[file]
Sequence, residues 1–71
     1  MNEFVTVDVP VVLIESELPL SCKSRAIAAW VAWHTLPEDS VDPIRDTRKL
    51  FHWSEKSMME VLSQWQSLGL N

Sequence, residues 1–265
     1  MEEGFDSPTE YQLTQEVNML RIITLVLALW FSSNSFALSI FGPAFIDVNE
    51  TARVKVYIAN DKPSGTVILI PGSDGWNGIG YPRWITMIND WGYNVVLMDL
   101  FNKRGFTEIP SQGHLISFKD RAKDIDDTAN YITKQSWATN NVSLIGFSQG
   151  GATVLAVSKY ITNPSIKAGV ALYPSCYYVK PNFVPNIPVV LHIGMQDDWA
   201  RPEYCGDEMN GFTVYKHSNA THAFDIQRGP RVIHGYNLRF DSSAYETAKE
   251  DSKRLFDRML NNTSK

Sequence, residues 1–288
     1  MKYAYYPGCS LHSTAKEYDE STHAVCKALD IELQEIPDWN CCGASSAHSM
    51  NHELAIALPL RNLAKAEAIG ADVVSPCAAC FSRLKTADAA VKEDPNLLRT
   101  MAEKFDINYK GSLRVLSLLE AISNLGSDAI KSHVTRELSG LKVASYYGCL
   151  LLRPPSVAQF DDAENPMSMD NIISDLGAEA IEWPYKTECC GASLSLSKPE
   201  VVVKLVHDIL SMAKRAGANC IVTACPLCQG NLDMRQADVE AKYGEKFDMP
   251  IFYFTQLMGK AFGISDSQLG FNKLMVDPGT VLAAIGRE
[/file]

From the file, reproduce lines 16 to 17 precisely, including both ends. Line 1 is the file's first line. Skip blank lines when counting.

   201  VVVKLVHDIL SMAKRAGANC IVTACPLCQG NLDMRQADVE AKYGEKFDMP
   251  IFYFTQLMGK AFGISDSQLG FNKLMVDPGT VLAAIGRE